Figures published today show profits fell 20 per cent, or by £12.3m to £46m in the financial year to June 2005. Gill pointed out that the drop, due to falling Premier League income and Champions' League revenue, was flagged up a year ago.
He made no attempt to explain how United's owners, the Glazer family, intend to repay £649m of debt incurred in buying United. This mystery remains the main concern for fans opposed to the takeover.
But Gill did defend United's spending of £2.2m on agents' fees - £1.5m alone to Wayne Rooney's agent, Paul Stretford.
And speaking about 64-year-old Ferguson, who has won one Premiership and one FA Cup since 2001, against Arsenal's five trophies in that time, he said: "Sir Alex has been the best Manchester United manager, if not the best club manager in English and European football ... he is here for many years to come."
Asked directly if Ferguson could stay as long as he wants, Gill replied: "Yes, I think that's right. We're looking forward. We've put a significant sum of money in the January transfer window and we are going to spend in the summer, and Alex has the support of everyone." Gill would not say how much money would be available in the summer, but said that United were looking for midfield players and would provide enough cash "to secure the top talent".
The financial figures are the first to be released in the Glazers' reign. Given United's early exit from Europe this year, profits are unlikely to climb much, if at all, in a year's time. "I am not going to predict profits will be over £50m [for the year ending June 2006]," Gill said. "They won't be. This is a year of transition. But going forward, the new stadium expansion means there will be nearly 8,000 extra seats from the start of next season so the year ending 2007 is looking very positive."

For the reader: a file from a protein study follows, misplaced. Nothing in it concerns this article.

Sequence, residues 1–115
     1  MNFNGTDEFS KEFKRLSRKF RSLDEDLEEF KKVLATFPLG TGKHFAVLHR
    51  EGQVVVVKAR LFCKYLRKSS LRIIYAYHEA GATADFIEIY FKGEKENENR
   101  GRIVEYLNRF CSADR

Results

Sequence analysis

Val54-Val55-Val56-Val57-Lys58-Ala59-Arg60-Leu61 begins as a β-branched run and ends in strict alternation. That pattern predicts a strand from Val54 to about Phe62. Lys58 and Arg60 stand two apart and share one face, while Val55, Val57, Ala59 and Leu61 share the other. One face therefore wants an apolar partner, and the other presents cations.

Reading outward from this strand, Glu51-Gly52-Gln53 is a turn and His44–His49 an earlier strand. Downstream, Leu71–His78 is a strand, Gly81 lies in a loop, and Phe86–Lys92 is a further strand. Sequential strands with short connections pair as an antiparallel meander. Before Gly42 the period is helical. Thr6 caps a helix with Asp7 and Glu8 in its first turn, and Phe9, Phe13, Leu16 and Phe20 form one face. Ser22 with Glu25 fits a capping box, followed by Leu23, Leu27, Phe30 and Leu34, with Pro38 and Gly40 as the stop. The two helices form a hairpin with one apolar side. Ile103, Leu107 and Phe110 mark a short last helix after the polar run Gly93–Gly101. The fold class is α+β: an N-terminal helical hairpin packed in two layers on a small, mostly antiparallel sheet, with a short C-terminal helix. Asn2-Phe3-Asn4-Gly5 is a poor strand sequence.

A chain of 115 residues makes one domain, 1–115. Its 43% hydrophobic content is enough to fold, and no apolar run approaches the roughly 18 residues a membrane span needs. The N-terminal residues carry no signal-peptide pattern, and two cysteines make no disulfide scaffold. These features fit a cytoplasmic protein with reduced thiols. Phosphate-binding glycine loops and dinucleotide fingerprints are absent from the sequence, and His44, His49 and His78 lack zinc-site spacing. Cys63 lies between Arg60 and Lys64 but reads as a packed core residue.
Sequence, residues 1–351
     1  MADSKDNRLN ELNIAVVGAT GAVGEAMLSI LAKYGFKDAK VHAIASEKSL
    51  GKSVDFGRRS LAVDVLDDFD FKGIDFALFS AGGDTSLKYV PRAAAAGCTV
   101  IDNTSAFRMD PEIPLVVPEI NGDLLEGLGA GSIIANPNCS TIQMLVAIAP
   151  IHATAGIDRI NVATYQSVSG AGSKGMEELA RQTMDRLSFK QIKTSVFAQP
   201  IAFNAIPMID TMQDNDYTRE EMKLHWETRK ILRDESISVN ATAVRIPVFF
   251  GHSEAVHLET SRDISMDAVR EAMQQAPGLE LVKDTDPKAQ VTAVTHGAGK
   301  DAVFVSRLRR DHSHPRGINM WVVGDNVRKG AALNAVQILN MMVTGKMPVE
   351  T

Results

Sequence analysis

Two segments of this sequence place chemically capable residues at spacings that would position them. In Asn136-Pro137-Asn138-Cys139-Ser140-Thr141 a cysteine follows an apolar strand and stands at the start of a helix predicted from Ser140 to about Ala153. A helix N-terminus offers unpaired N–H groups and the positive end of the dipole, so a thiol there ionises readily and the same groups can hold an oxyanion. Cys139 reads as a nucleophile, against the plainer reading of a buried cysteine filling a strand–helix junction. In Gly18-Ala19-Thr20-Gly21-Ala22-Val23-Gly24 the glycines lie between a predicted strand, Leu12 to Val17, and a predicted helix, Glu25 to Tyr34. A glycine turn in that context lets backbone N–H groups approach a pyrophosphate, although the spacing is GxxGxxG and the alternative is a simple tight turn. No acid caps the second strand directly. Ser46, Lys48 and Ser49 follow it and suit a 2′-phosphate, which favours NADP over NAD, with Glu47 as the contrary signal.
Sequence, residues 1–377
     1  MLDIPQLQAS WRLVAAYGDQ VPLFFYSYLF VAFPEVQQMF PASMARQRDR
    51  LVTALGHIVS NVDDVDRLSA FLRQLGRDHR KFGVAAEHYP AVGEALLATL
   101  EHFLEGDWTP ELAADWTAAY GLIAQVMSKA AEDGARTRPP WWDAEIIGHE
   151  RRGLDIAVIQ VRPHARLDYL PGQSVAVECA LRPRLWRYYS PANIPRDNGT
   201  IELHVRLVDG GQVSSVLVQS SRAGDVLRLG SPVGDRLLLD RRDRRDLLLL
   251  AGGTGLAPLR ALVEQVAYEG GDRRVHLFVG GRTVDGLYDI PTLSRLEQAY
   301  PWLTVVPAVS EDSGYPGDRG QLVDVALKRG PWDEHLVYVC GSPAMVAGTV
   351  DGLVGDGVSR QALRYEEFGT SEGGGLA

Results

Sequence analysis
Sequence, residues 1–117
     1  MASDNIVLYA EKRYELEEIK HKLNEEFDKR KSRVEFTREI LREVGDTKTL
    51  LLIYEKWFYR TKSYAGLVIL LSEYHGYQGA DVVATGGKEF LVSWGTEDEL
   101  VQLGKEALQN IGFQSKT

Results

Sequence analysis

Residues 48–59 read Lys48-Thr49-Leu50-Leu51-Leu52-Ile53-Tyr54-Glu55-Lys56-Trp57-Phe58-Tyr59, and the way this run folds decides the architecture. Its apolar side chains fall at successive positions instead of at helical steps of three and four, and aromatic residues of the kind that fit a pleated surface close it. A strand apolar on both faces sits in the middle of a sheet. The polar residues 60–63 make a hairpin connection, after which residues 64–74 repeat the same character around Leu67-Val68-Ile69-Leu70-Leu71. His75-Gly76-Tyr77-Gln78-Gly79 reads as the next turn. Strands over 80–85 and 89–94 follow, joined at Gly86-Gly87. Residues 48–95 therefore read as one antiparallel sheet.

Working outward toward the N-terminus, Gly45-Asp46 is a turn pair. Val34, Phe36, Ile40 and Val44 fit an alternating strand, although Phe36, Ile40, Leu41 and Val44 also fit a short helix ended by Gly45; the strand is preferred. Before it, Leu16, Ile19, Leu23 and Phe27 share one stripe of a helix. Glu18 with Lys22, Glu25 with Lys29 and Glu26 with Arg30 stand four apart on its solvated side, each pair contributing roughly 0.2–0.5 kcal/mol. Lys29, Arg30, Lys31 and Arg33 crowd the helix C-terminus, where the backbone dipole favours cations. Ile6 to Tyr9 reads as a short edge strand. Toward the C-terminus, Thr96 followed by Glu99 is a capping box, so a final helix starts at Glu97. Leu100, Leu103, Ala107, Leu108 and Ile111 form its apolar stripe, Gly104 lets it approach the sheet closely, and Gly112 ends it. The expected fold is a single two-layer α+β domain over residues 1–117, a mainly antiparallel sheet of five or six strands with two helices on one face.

It will need to. The Glazers loaded United with £265m of initial bank debt, rising to £374m with extra borrowing. Interest alone on that is £31.1m per year. With capital repayments included, the annual repayments outstrip profits.
On top of that, the Glazers borrowed £275m from hedge funds at high interest. How they intend to repay this "ticking time bomb", as it has been described, is unknown. Borrowing against future ticket sales is one option. Leeds United opted for that path on their way to financial collapse.
Gill has never discussed the Glazers' financial plan, although he confirmed yesterday the club spent £6.6m in the financial year on banking and legal fees as the previous board - with himself to the fore - tried to fight the Glazers' takeover.
He also justified the fees to agents, including £1.5m paid to the Proactive firm owned by Stretford, who is currently facing a raft of FA charges relating to improper dealings.
"We operate in a market for world-class players and one of the costs in acquiring them is the services of agents," said Gill, who deserves credit for United continuing to publish agents' fees even though no other top-flight club does.
"In [Rooney's] situation, if Wayne had to pay [the fees], he would demand a higher salary. The money has to come from somewhere." Gill added that £1m of the £1.5m was for "negotiating and acquisition" and £500,000 was for contract work that will ensure Rooney "is settled" for his six-year deal and no adviser will agitate to move him.
Calling for greater transparency from other top-flight clubs, Gill added: "We think the regulatory system would benefit from universal publication, certainly. We've nothing to hide, we're not embarrassed."
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